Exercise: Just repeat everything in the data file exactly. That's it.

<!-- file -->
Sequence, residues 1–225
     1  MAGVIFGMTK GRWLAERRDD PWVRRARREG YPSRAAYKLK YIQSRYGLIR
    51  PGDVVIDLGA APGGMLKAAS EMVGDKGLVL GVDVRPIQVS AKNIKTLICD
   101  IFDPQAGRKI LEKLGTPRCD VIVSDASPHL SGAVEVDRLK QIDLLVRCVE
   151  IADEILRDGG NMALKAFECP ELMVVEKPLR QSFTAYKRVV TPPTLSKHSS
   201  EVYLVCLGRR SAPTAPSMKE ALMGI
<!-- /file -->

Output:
Sequence, residues 1–225
     1  MAGVIFGMTK GRWLAERRDD PWVRRARREG YPSRAAYKLK YIQSRYGLIR
    51  PGDVVIDLGA APGGMLKAAS EMVGDKGLVL GVDVRPIQVS AKNIKTLICD
   101  IFDPQAGRKI LEKLGTPRCD VIVSDASPHL SGAVEVDRLK QIDLLVRCVE
   151  IADEILRDGG NMALKAFECP ELMVVEKPLR QSFTAYKRVV TPPTLSKHSS
   201  EVYLVCLGRR SAPTAPSMKE ALMGI